Handedness and the fringe of consciousness: Strong handers ruminate while mixed handers self-reflect
David Bourget (Western Ontario)
David Chalmers (ANU, NYU)
Rafael De Clercq
Ezio Di Nucci
Jack Alan Reynolds
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Consciousness and Cognition 13 (4):730-745 (2004)
Previous research found that mixed handers were more likely than strong handers to update their beliefs . It was assumed that this was due to greater degrees of communication between the two cerebral hemispheres in mixed handers. Niebauer and Garvey made connections between this model of updating beliefs and metacognitive processing. The current work proposes that variations in interhemispheric interaction contribute to differences in consciousness, specifically when consciousness is used in rumination versus the metacognitive task of self-reflection. Using the Rumination–Reflection Questionnaire , predictions were supported such that strong handedness was associated with self-rumination; whereas, mixed handedness was associated with increased self-reflection p values < .01, . James’s concept of the “fringe of consciousness” is used to make connections between metacognition, updating beliefs, and self-reflection. Several studies are reviewed suggesting that mixed handers experience fringe consciousness to a greater degree than strong handers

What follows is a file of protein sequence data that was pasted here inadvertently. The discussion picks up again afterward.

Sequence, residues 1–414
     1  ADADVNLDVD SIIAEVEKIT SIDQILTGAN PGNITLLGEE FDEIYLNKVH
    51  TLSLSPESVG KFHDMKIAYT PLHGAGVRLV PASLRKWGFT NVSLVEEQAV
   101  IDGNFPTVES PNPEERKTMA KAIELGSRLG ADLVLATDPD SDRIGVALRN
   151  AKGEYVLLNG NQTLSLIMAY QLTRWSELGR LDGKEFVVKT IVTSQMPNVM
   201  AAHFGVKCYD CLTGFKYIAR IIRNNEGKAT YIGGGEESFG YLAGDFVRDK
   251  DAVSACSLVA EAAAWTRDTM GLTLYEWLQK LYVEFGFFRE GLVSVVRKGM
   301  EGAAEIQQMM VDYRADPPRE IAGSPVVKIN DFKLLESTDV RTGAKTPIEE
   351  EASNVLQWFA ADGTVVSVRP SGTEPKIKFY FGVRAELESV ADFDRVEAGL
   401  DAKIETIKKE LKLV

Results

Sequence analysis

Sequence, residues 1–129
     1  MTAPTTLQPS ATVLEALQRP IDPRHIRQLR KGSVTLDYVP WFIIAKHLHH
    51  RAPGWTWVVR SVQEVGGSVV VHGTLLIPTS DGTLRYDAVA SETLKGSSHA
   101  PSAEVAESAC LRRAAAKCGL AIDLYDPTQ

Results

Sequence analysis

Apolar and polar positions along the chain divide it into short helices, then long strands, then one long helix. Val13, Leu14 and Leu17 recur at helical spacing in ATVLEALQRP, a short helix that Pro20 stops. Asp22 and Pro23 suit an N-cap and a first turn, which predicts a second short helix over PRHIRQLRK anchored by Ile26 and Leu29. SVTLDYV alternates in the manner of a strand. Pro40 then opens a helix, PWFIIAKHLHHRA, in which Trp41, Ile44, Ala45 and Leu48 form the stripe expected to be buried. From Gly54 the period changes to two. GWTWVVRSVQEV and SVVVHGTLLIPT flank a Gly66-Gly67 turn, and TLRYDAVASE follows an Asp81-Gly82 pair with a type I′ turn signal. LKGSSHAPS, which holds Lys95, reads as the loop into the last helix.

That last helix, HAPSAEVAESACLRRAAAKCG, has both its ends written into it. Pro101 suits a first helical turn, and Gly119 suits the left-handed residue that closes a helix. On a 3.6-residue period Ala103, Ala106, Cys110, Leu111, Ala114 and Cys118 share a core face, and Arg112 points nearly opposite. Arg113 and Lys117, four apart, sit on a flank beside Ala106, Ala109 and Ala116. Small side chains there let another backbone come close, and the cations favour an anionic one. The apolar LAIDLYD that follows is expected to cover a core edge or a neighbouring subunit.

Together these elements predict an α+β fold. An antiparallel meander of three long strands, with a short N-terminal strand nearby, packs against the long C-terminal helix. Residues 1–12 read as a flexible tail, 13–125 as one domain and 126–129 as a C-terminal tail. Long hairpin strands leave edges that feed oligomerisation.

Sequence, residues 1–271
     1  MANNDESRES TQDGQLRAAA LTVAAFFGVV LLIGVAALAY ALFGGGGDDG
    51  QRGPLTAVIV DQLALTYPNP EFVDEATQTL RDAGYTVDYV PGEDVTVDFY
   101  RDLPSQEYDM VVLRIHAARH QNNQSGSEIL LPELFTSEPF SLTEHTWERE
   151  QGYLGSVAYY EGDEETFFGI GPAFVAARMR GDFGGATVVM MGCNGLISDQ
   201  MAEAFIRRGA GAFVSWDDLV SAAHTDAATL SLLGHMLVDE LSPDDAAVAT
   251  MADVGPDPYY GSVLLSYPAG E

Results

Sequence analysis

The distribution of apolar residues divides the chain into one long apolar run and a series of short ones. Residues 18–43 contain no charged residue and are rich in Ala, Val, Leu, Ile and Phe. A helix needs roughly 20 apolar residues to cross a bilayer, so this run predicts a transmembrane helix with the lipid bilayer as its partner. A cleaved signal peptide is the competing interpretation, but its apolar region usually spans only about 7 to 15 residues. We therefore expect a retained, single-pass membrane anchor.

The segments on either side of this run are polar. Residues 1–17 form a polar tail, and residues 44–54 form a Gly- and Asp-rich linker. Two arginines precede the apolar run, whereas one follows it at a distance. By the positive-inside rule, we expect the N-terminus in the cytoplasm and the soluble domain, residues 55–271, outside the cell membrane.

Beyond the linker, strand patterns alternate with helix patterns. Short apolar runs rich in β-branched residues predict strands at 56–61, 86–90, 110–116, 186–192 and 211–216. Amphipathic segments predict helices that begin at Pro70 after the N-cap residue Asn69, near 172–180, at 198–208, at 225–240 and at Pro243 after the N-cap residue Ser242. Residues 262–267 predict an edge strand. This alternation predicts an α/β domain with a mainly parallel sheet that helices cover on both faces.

|Keywords||*Cerebral Cortex *Consciousness States *Handedness *Metacognition|
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Citations of this work BETA
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Andrea Lavazza (2009). Art as a Metaphor of the Mind. Phenomenology and the Cognitive Sciences 8 (2):159-182.
Elizabeth R. Shobe (2014). Independent and Collaborative Contributions of the Cerebral Hemispheres to Emotional Processing. Frontiers in Human Neuroscience 8.
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